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Marijuana News in Arizona and World

Big Pharma Marijuana

Before the Marihuana Tax Act of 1937, Big Pharma companies like Eli Lilly and Parke-Davis and Squibb of Bristol-Myers Squibb were marketing marijuana medicines – such as extracts and tinctures – labeled as “uniformly effective at dose levels of 10 mg.”

Back then, most medicines had the same universal characteristics, so drug companies had to rely on marketing and brand recognition to sell products.

According to the Antique Cannabis Book, 6% of all manufactured drugs at the time contained marijuana in one form or another, whether in powder, tablets, fluid extracts or tinctures. Some call that period, from the turn of the century to 1937, the “Golden Age of Medical Cannabis” as marijuana products flourished with little to no stigma or legal ramifications.

Then, like now, marijuana was prescribed for a variety of ailments including migraines, epilepsy, stomach worms, mental illnesses and some addictions. It was also used by veterinaries for pets.

While smoking was not very common, tinctures and extracts were developed on a regular basis. The pharmaceutical companies had the benefit of their own expertise in standardizing and establishing dosing and responses. They initially used marijuana grown in India, but soon realized growing their own was more reliable. In doing so, they learned about sinsemilla (seedless) cultivation.

Parke-Davis (now owned by Pfizer) worked with Eli Lilly to create its own plant strain called Cannabis Americana, a domesticated Indica strain.

According to Forbes, Parke-Davis did not stop with weed. It sold various types of cocaine before it became illegal, developed ketamine and held the patent for PCP.

Michele Leonhart DEA

The DEA’s chief administrator, Michele Leonhart, will resign next month. The news prompted cheers from the marijuana industry because she aggressively opposed marijuana legalization and the industry in general.

Leonhart had fallen out of favor with President Barack Obama’s administration long ago for insubordination and mismanagement issues. She became disliked throughout the marijuana industry because she would continually “resist federal rules relaxing enforcement on marijuana as states have moved to legalize the drug for medicinal and recreational use,” stated a recent article.

Her resignation, which is effective in May, could open the door for a more marijuana-friendly replacement.

“From interfering with voter-approved state marijuana laws to mismanaging broader agency scandals, it’s long been time for her to go,” stated a marijuana industry businessman.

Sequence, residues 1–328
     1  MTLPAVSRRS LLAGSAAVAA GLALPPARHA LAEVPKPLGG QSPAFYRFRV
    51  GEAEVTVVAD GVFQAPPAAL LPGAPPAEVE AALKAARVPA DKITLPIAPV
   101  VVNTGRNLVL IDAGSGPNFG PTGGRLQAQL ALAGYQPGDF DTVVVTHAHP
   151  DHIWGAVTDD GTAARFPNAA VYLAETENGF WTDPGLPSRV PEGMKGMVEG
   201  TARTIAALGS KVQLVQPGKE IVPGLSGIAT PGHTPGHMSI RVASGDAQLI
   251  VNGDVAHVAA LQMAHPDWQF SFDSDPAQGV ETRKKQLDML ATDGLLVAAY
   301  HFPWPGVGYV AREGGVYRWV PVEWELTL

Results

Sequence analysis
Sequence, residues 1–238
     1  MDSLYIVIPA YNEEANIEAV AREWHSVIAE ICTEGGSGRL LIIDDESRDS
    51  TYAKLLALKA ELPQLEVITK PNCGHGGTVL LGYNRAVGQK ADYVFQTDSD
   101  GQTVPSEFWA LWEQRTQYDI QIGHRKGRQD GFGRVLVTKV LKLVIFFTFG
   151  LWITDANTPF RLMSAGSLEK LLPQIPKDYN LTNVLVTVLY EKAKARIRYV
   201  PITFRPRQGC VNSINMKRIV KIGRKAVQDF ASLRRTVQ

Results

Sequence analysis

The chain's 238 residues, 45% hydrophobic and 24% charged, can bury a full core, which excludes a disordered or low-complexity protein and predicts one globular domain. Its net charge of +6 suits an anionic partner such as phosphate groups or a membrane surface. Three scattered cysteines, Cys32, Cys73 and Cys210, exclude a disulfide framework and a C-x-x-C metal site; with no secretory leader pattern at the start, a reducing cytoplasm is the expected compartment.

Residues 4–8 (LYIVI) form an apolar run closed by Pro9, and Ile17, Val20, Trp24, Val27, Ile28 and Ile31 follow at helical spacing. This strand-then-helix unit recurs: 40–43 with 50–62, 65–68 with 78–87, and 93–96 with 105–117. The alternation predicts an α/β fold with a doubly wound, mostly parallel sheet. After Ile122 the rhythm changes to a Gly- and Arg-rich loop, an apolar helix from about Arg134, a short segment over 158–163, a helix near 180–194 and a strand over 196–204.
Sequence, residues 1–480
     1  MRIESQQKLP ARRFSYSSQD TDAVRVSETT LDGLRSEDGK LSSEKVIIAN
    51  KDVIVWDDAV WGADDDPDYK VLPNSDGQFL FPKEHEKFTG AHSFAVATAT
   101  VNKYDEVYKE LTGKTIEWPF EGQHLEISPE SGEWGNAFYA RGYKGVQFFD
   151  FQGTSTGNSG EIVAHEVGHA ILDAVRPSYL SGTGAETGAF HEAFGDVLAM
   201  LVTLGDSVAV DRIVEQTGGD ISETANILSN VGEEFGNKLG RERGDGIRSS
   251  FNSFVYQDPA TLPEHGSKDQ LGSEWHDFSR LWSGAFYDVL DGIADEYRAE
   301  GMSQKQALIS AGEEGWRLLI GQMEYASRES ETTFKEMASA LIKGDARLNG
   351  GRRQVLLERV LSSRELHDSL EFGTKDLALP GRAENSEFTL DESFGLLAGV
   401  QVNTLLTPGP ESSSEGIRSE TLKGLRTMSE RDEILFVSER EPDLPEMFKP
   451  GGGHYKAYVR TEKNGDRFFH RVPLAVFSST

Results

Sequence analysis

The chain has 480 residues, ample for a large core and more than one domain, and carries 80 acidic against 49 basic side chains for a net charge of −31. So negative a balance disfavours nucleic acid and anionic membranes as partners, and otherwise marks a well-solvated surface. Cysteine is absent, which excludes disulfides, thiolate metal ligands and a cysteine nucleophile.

Recently, Leonhart has been under fire due to sex party scandals in Colombia involving DEA agents and prostitutes paid for by the cartels.

Alabama Marijuana

Marijuana prohibition is quickly dissolving in the U.S., but it probably won’t vanish all at once. Even if Congress repeals federal marijuana prohibition, certain states will likely ban marijuana on a state level.

If Congress acts, it will probably wait until a majority of states have implemented some type of marijuana legalization law. The legalization process is already well underway and should continue to gain momentum by election day in 2016.

Here is a list of 9 states that will most likely be the last to legalize or possibly never legalize marijuana:

1. Alabama - This Bible Belt state still has several dry (alcohol prohibited) counties and about a third of the counties in the state are either partially dry or have localities that are completely dry.

2. Idaho - This Mormon-influenced state has passed a no-THC/high-CBD law, but campaigners for medical marijuana haven’t been able to qualify a measure for the ballot.

3. Kansas - A Republican dominated state with no initiative process and little support for marijuana legalization.

4. Louisiana - The state has some of the country’s harshest marijuana laws, including up to 20 years in prison for repeat possession offenders and up to life in prison for marijuana possession if the person has a previous felony.

5. North Dakota - The agricultural state has approved industrial hemp production (in part because North Dakota farmers can see their Canadian counterparts just across the border profiting from it), but is unwilling to move even on medical marijuana, let alone legalization.

6. Oklahoma - The state is dominated by Republicans and is one of the most conservative in the country.

7. South Carolina - There is no initiative process here, so it will be up to the legislature, which is controlled by Republicans.

8. South Dakota - The state has the initiative process, but it also has the dubious distinction of being the only state to twice defeat medical marijuana at the polls.

9. Utah - The Mormon heartland, another state where Republicans dominate the government and where the only legislative concession to marijuana law reform has been the passage of a no-THC/high-CBD marijuana oil bill.

Weed 3